Learning Team A will use several research methods including text, internet and other methods to explore the humanities and the effects and developments that the humanities of the Early, High and Late Middle ages had on society. We have made some very interesting findings and come up with some intriguing conclusions. The findings are most definitely in condensed form for the simplicity of our assignment, although if given an unbridled word count, surely we would demonstrate volumes of text form such interesting periods.
The Early Middle Ages
Before we can talk about humanities, we must first define the word "Humanities". Humanities are the investigation of human beings and their culture and their self-expression. We are going to discuss how humanities reflect changing concepts of nature and human beings in different historical periods. Human beings in today's society are not aware of the history of people. In just about every area that we participate in on a daily basis, the humanities of our ancestors contributed to that area. The reason we study the different parts of the humanities is to get a better understanding of where human beings have been and where we need to go. The more we study the further we can go and improve the future based off the past. Christianity greatly influenced the Early Middle Ages. This epoch existed between 500-1000 C.E. There was little stability during this time. Western Europe was under attack from Germanic tribes and Eastern Europe was battling against the Arabs. Fiero (2002) states, "the Germanic tribal people and practices blended with those of classical Rome and Western Christianity to forge the basic economic, social and cultural patterns of medieval life" (p.69). According to the website German Culture, in the Merovingian Dynasty (482-751 C.E.) under the rule of Clovis, "the Franks reluctantly began to adopt Christianity following the baptism of Clovis, an event that inaugurated the alliance between the Frankish kingdom and the Roman Catholic Church" (Medieval Germany -, n.d.). Christianity would reach an all time high during the reign of Charlemagne. After being crowned emperor of the Romans in 800 by Pope Leo III, Charlemagne brought education and enlightenment to his people (Fiero, 2002, p.74-75). The Metropolitan Museum of Art website outlines Charlemagne's accomplishments He founds schools, brings the scholar Alcuin of York to his court, and encourages artists to reinvigorate Greco-Roman traditions. He commissions lavish manuscript books, copies of sacred and classical tests, and sets a fashion emulated by his heirs. Some Carolingian books have gem-encrusted covers, purple-dyed pages, text written in gold and silver inks, and miniature illustrations executed in a lively, confident style. Court workshops also produced bronze figures, ivory carvings and treasure objects that incorporate precious metals, gemstones and antique cameos. (Central Europe, 2000-2005) After Charlemagne's death, Western Europe again was torn in many different directions. Fiero (2002) states, "Charlemagne's three grandsons divided the Empire among themselves, separating French form German-speaking territories" (p. 76). A new social class was defined during this time. Similar to the Roman social structure of plebian, patricians, and military men, the feudal system divided the classes again. According to Fiero (2002), "feudalism involved the exchange of land for military service. In return for the grant of land, a vassal owed his lord a certain number of fighting days (usually forty) per year" (p.76). During the holy wars, these men fought with honor and courage. The knights lived by the code of chivalry. Fiero (2002) defines chivalry as "courageous in battle, loyal to his lord and fellow warriors, and reverent toward women" (p. 77). While most of the population consisted of serfs, these knights and ladies were the echelon of the feudal society. Art and literature during this time...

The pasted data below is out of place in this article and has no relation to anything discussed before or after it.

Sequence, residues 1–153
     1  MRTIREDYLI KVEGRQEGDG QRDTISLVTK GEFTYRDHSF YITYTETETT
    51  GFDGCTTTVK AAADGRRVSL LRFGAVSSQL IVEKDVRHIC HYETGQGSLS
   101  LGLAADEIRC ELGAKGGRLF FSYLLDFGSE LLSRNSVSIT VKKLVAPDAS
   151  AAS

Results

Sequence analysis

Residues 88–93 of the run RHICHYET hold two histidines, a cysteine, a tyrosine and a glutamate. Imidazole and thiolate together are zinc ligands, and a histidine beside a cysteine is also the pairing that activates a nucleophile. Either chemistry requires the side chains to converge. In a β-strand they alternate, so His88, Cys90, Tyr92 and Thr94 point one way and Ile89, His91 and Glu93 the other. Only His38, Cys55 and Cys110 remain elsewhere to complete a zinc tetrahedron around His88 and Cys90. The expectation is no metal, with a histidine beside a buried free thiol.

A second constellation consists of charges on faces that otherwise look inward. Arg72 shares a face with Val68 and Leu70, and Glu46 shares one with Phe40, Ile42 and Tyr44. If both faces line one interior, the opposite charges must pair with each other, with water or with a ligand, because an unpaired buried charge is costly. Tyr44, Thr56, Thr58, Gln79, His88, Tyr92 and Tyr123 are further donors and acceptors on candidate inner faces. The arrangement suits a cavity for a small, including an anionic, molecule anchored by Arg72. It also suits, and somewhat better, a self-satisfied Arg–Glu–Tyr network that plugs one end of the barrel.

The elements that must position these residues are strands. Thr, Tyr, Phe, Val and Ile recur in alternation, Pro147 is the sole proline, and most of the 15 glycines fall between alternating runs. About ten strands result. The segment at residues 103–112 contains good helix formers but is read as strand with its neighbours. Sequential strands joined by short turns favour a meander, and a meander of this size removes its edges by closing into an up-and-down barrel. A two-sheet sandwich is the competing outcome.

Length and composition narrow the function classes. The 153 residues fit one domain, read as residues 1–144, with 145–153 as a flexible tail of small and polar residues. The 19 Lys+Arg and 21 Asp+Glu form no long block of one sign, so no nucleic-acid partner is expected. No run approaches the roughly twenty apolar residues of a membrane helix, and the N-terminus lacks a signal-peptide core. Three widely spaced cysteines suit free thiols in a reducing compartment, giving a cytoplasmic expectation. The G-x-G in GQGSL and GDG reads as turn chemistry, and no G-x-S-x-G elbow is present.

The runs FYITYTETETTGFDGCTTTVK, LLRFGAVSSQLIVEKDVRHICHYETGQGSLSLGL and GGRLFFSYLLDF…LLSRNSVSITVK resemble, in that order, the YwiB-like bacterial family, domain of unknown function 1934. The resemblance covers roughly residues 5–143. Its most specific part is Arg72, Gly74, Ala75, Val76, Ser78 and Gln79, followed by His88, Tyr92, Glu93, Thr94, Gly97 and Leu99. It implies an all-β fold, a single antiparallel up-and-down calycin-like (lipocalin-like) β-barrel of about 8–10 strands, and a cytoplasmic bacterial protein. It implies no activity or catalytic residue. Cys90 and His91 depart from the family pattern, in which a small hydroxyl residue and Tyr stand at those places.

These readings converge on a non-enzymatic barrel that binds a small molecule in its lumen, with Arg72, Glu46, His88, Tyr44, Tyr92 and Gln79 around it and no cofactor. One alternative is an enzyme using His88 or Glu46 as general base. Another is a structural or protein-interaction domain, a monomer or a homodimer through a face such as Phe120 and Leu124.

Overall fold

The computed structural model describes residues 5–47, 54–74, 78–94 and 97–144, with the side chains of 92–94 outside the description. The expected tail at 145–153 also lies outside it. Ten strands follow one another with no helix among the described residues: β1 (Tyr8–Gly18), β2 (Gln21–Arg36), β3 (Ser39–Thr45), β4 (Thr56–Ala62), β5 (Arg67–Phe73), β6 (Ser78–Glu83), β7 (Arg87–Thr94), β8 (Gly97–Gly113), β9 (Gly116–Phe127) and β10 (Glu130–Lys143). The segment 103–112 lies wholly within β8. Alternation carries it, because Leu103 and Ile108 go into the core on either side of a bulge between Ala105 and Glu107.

References: Central Europe (including Germany), 500-1000 A.D. (2000-2005). Retrieved July 30, 2005, from The Metropolitan Museum of Art Web site: http://www.metmuseum.org/toah/ht/06/euwc/ht06euwc.htm
Duffy, S.L. (n.d.), Europe 1000-1300: the high middle ages. Retrieved July 27, 2005, from
Fiero, G. K. (2002). The Humanistic Tradition (Fourth ed.). New York: McGraw-Hill.
Lindisfarne Gospels. (n.d.). Retrieved July 28, 2005, from British Library: Online Gallery European Manuscripts Web site: http://www.bl.uk/onlinegallery/themes/euromanuscripts/linisfarne.html
Medieval Germany - The Merovingian Dynasty, ca. 500-751. (n.d.). Retrieved July 27, 2005, from German Culture Web site: http://www.germanculture.com.ua/library/history/bl_medieval.htm
Snell, M. (n.d.). The Book of Kells: Splendid Medieval Manuscript. Retrieved July 28, 2005, from http://historymedren.about.com/od/bookofkell1/p/book_of_kells.htm
The Brainy Dictionary (2005). Definition of Schism. Retrieved July 27, 2005 from
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